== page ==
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Please use this identifier to cite or link to this item: http://hdl.handle.net/1959.3/4486
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- Parents’ meta-emotion philosophy, emotional intelligence and relationship to adolescent emotional intelligence
- Kehoe, Christiane E.
- The current study investigated combined contributions of several parental aspects involved in the socialisation of emotion. A model was proposed which considered how parental EI and emotion-related beliefs may shape parental behaviour, which in turn influences the emotional intelligence of adolescents. The parent sample consisted of 92 participants, including 60 mothers and 31 fathers and their 65 adolescent children, aged between 11 and 17 years. Parents completed the Swinburne University Intelligence Test (SUEIT), the Self-Expressiveness in the Family Questionnaire, the Coping with Children’s Negative Emotions Scale and a newly constructed Meta-emotion Philosophy Scale. Adolescents completed the adolescent version of the SUEIT. The Swinburne Meta-emotion Philosophy Scale was highly reliable and expected correlations indicated validity. Although the proposed mediating model was not supported, findings were in the expected direction and mediating effects were found for parts of the model. Cluster Analysis revealed that the subsidiary aim of the current study, which was to disentangle the construct of meta-emotion philosophy, was successful. Three distinct groups of parents were identified who differed in terms of emotional intelligence, emotion-related beliefs and parent practices. Results highlight the importance of considering parents’ emotional functioning and emotion-related beliefs as influences of parenting behaviour that ultimately affect children’s emotional competencies.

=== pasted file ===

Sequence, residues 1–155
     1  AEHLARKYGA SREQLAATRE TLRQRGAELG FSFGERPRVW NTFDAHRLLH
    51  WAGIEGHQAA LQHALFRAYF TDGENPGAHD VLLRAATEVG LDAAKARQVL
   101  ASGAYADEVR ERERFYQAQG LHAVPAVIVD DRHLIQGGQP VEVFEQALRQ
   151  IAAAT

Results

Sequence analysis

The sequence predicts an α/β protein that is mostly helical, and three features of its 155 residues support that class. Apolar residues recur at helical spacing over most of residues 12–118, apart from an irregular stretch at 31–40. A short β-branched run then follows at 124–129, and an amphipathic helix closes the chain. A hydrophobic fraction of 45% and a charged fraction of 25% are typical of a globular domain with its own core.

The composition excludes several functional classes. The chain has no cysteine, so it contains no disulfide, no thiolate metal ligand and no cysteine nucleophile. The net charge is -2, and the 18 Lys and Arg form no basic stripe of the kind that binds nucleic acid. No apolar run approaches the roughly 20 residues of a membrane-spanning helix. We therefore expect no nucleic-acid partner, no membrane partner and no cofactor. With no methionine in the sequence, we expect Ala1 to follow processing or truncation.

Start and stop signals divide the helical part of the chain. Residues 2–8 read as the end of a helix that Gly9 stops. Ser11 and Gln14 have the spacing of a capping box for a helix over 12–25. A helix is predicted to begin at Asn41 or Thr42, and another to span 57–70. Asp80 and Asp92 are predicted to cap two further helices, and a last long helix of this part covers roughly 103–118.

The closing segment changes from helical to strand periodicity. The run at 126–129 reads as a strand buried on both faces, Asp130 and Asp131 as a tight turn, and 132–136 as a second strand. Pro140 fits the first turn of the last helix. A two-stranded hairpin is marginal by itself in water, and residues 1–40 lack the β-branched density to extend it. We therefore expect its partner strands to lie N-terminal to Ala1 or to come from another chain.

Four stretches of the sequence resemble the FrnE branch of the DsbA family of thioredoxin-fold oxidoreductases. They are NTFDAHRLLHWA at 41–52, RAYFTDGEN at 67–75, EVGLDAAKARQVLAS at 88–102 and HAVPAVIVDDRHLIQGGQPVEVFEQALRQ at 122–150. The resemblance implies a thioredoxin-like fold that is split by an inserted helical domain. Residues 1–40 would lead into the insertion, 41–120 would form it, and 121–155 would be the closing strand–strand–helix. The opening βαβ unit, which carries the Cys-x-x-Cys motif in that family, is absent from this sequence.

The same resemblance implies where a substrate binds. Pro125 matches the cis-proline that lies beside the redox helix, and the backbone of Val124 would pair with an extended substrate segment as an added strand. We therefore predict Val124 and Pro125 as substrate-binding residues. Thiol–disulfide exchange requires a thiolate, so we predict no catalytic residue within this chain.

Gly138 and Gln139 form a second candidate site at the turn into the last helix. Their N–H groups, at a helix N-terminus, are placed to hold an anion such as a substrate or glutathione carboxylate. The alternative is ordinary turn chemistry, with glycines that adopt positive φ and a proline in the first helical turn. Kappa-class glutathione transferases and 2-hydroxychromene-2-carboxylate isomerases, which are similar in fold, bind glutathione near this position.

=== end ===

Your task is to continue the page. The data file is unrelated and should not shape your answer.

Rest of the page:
- Publication type
- Thesis (Honours)
- Research centre
- Swinburne University of Technology. Faculty of Life and Social Sciences
- Publication year
- Emotional intelligence
- Copyright © 2006 Christiane Evelyne Kehoe.
- Thesis Supervisor
- [Galligan, Roslyn]
- Thesis Note
- [Submitted in partial fulfilment of the requirements for the degree of Bachelor of Social Science with Honours (Psychology), Swinburne University of Technology, July 2006.]
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